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  1. #1
    Join Date
    Jul 2009

    Neighbor's DIY tree removal - tree overhangs my house!

    What is the name of your state (only U.S. law)? New York

    My neighbor is trying to remove a 60+ tree in his yard on his side of the fence, on the edge of my property line. The tree is within power lines on his side and unfortunately, my house is underneath on my side.

    He is the boyfriend of my neighbor, and he's lived there since last fall. Since he's moved in he's removed almost every single tree in the yard and stacked the pieces as firewood. At one point he had removed a tree that also had branches over my fence and I saw him drive his truck onto my lawn, remove the tree and drive away before I could say anything. He has since cut trees in my neighbor's lawn, going as far as to use an actual chainsaw in their yard.

    He wants to remove the tree in question, and as I had said cordially in the past - I have no problem with giving a professional (insured!) service permission to enter my yard to take care of the tree. But because of financial purposes, they refuse to use a service and him and his buddies are going to do it themselves. They also refused to give me a date or time of then this will take place - meaning he's probably going to sneak attack the foliage while I'm at work just as he did with the neighbors!

    I've known his girlfriend, the owner of the house, for about 10 years. We've always had a great neighborly relationship. But now her stories are changing (he said, she said) from one conversation to another and it's getting messy.

    I've called my insurance company and they confirmed that I will be liable for any injuries on my property, though the neighbor will be liable for damages to my house or property caused by the tree. However, they are not married - would he be covered under her insurance? He also doesn't seem to have a job, so his possible lask health insurance status concerns me as well.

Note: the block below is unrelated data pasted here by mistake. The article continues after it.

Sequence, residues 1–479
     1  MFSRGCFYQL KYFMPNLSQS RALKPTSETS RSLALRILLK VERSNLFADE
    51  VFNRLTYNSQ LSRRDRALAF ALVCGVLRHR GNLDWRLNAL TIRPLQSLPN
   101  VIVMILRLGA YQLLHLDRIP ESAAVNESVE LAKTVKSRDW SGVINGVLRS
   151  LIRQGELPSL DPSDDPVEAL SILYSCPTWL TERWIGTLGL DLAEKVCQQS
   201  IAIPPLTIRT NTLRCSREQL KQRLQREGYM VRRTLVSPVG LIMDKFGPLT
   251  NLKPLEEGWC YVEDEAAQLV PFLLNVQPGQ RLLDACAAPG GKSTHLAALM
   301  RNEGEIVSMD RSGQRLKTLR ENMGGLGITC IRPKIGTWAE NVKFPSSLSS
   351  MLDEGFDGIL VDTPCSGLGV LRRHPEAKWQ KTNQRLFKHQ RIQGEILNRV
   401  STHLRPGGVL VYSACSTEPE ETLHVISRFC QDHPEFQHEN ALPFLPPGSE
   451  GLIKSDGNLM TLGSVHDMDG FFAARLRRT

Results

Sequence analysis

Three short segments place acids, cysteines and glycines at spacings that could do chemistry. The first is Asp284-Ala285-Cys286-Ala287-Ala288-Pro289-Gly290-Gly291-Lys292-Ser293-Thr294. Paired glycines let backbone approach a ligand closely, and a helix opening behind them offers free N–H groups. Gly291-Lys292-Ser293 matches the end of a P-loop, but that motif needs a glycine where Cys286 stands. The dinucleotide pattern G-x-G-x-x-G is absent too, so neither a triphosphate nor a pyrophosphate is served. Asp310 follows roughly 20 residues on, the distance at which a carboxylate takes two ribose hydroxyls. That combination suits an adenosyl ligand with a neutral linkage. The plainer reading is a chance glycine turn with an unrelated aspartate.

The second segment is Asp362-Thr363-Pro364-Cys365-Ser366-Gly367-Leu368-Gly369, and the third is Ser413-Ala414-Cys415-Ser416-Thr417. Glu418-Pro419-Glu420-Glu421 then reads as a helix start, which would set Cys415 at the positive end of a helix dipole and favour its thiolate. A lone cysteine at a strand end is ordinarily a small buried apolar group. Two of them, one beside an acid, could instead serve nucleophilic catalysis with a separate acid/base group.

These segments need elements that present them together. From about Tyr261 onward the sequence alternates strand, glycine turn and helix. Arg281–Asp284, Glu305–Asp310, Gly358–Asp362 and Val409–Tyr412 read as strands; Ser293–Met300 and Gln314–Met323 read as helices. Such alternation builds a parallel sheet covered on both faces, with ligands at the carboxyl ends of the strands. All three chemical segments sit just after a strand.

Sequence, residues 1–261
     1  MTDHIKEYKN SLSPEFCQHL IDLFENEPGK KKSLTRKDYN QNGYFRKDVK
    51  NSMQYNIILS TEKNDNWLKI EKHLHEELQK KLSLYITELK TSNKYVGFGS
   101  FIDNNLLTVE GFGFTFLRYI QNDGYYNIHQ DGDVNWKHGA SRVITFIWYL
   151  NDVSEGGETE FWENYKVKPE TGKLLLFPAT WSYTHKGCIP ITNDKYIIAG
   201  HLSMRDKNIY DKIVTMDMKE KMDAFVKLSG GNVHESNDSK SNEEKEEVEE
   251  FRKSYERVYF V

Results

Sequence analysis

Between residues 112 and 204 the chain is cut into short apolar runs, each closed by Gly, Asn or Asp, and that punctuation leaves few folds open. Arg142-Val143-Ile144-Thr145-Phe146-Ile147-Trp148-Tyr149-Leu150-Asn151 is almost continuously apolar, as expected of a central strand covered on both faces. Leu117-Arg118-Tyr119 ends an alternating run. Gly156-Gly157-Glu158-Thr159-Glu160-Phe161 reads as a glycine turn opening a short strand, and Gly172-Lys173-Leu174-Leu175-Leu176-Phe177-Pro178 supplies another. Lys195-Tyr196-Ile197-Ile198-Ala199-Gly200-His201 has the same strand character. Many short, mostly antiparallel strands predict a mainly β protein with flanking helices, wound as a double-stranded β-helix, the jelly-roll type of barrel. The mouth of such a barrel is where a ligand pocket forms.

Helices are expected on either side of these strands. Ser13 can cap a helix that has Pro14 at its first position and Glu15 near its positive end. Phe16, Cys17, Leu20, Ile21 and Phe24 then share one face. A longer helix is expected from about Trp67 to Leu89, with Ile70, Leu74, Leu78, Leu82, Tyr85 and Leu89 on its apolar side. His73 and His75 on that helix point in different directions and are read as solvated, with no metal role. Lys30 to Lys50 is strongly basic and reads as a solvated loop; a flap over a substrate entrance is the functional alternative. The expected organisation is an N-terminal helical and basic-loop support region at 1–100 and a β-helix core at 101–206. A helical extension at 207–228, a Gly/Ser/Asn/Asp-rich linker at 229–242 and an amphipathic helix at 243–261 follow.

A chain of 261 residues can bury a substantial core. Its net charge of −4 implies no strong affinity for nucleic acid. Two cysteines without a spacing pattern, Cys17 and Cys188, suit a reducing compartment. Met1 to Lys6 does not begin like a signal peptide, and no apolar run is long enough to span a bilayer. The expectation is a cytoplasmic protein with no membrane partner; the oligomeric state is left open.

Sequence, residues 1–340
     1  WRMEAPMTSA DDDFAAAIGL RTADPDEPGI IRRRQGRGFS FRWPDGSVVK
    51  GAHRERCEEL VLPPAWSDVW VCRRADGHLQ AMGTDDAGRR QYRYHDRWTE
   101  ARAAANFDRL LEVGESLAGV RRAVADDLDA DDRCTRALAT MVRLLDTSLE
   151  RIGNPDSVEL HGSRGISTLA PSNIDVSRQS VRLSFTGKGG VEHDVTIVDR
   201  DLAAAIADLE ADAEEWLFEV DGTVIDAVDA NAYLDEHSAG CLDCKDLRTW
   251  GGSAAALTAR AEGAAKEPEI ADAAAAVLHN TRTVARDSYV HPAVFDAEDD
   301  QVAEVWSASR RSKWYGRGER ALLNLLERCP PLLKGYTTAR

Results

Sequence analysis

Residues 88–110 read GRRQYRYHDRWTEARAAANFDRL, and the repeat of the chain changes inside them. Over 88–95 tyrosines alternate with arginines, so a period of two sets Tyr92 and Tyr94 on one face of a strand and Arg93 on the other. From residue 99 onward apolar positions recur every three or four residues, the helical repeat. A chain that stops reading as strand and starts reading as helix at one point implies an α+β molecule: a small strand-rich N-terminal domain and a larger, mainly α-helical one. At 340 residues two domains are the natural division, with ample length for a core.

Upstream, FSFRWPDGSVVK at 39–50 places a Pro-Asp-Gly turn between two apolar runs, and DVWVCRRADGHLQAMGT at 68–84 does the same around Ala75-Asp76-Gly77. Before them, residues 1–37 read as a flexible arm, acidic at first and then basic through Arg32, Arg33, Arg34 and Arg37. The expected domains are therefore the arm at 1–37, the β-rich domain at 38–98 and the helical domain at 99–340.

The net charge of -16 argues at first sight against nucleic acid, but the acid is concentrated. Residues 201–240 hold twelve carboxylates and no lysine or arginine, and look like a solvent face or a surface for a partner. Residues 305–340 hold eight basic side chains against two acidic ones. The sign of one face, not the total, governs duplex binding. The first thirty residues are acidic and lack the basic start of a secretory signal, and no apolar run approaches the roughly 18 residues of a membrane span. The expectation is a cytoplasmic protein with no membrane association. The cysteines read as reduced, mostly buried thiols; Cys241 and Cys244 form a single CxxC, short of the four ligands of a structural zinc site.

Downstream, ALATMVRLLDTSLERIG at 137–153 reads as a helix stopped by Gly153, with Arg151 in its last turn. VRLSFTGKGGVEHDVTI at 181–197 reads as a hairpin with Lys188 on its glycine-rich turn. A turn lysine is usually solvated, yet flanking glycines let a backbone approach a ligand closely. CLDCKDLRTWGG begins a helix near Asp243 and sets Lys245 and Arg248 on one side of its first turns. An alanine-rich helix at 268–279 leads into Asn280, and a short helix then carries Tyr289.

I'm contacting our power company (National Grid) in the morning to inform them of the issue, since it is within 10 feet of their lines. The neighbors have said today the past that they've had them out six times to remove questionable branches around the lines, but it has taken months with little results - and they are sick of it and taking action into their own hands.

    I'm looking into the costs of a security camera, but I'm not sure what else I can do. I've called the town and they said that he can remove the tree and to "take pictures just in case." Not so reassuring.

    I plan to press charges if him or his buddies start messing around on my lawn. But what legal rights do I have besides taking these preemptive measures - would filing a restraining order be wise?

    I do worry, because having a beer bellied, 50 year old man hanging around in the airspace above my roof with a chainsaw makes me nervous. And when the branches fall onto my house, its going to be a mess finding somewhere to stay while this all works out.

    Any advice as to what I should do (how to document what's going on, who to complain to, etc. ) to ensure that I'll have the edge if it comes to a legal battle would be appreciated.

  2. #2
    Join Date
    Nov 2005
    in the ether
    your insurance company is wrong and if he damages your house, you send him a bill for the damages, including a hotel if that is necessary.

    there is no preemptive here. Until he does something, there is nothing to stop.

  3. #3
    Join Date
    Dec 2007
    New Hampshire
    Any advice as to what I should do (how to document what's going on, who to complain to, etc. ) to ensure that I'll have the edge if it comes to a legal battle would be appreciated.
    This is not legal advice, as I am unfamiliar with the laws in your state. I'm sure others with more knowledge will advise you, but from my experience I would recommend that you put the owner of the neighboring property on notice that they may not trespass on your property. The method of doing so may require a specific process for your State. That notice should include a warning that you will hold them liable for any damage to your property caused by their attempt at tree removal.

    I would recommend you consult a lawyer to advise on how to present the no-trespass notice legally, but if you don't want to use a lawyer you might put the notice in a certified, return receipt letter to the homeowner.

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